This notion was brought to the front of my mind by the recent SEMA 2007 show in Las Vegas. Looking at some of the pictures from the event, I began to wonder, what is happening to all the classic Van and Trucks out there? Is there anyone preserving the original look and feel of these vehicles in the age of "Pimp My Ride?"
I live in Southern California, the epicenter of personal customization, be it for your vehicle or even your body a la plastic surgery. The only odd thing about these forms of customization, at least to my eyes, is that it leads to a sea of "custom" sameness. For one, I know that my personal favorite classic truck, a mid 50's Ford F-100 truck, did not come with airbags, dub spinners, or purple suede upholstery on the seats. When I see a restored F-100 I want to see what that vehicle looked like on the showroom floor, gosh darn it! My grandfather, who passed away before I was born, owned a Ford dealership in the fifties. I am sure I could have asked him, but I am not sure how helpful he would be since he always said, "The only good Ford is a dead Ford!" Actually, he meant the family, not the vehicles. He didn't really take to the original Henry Ford being a Nazi sympathizer. But I digress.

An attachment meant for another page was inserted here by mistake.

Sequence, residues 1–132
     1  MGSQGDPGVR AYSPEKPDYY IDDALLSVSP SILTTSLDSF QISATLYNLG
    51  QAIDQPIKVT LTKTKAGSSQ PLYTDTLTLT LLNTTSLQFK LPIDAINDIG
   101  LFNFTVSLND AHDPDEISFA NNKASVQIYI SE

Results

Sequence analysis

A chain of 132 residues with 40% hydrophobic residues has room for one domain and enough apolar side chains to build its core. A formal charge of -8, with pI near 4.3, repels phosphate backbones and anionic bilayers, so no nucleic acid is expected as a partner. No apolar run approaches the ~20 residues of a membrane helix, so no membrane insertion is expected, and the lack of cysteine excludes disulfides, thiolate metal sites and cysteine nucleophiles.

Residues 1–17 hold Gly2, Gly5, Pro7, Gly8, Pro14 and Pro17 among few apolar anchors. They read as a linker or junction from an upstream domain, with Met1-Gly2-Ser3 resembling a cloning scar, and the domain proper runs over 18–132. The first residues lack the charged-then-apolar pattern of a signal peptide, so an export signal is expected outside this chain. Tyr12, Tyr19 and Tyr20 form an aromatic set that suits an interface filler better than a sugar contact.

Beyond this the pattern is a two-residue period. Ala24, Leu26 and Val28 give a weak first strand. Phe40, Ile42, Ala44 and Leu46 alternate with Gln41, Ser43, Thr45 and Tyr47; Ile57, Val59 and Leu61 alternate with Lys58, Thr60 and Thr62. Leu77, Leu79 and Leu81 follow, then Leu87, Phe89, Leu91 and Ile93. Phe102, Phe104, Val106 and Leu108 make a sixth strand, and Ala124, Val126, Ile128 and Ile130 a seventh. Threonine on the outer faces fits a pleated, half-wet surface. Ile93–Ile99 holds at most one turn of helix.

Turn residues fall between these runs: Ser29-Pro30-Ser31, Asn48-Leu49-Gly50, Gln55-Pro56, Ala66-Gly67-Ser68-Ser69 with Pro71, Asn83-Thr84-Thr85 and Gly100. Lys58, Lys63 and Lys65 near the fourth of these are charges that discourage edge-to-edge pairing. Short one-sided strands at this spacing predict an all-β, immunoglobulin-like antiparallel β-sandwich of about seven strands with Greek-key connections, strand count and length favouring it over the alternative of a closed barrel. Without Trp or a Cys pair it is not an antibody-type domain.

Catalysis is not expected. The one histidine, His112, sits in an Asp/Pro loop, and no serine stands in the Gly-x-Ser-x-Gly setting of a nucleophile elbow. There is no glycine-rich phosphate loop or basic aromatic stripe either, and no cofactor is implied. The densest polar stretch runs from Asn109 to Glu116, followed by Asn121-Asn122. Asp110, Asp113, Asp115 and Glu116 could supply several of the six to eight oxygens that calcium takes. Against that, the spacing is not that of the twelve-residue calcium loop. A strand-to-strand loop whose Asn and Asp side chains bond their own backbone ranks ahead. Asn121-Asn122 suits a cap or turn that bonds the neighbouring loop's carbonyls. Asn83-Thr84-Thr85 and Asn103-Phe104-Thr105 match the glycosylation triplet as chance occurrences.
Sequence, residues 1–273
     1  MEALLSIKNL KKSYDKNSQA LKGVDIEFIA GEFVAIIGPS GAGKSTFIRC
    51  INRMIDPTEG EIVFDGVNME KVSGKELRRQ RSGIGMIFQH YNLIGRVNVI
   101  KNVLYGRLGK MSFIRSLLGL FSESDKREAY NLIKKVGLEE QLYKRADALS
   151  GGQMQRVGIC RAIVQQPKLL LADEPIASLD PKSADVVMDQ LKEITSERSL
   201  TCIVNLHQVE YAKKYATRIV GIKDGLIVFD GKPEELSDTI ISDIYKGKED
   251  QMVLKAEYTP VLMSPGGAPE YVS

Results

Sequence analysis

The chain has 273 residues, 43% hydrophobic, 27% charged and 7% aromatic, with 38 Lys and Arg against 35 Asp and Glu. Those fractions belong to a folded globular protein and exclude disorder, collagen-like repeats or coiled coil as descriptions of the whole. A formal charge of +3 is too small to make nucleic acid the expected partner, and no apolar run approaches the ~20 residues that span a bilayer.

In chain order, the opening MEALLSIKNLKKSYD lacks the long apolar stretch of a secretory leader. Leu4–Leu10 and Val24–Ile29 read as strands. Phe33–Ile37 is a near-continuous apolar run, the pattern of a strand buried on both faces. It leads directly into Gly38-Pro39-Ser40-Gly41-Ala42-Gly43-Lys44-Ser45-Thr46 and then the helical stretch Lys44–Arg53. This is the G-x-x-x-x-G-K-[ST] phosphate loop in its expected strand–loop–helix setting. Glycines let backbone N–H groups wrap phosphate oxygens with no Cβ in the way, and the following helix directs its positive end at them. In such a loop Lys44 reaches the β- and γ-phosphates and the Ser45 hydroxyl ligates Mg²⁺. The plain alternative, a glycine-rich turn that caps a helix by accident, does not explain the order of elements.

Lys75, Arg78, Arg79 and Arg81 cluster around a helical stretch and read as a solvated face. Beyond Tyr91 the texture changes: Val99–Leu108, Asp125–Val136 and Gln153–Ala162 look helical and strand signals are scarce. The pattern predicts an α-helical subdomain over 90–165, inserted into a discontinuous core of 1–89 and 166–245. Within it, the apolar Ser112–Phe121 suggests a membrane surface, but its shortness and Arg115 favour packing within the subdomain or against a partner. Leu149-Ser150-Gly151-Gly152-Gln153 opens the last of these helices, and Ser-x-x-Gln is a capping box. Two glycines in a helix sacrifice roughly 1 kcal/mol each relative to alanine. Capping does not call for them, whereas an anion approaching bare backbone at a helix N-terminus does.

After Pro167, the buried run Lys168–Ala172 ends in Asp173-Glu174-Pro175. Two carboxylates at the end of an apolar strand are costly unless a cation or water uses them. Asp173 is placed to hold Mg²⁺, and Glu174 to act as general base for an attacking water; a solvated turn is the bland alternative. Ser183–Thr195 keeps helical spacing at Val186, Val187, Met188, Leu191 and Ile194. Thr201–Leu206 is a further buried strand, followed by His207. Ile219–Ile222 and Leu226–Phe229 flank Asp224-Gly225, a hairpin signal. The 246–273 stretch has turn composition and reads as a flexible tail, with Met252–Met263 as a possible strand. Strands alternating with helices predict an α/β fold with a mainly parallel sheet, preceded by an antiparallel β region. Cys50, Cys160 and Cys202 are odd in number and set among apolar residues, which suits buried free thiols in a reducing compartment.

So what is your take on customization? Do you think we will ever reach a day when we posess no notion of what these classic vehicles looked like in their heyday due to personal customization? I know there is still a booming classic original equipment car show scene that caters to this notion. Case in point is the incredible Concourse d' Elegance in Monterey. Anyone who loves classic, perfectly restored automobiles and trucks should check out that show. It is like going to an outdoor museum.
Well, this may make me sound like a boringly traditionalist pseudo-fascist who has trouble with allowing personal expression. That is not the case at all. I see a lot of customization as an art form in itself. I just hope there are some out there who still respect the original look of the classic works of art as a window into our shared past. And that, like a brilliant Picasso or Jackson Pollack painting, should be preserved for future generations to see.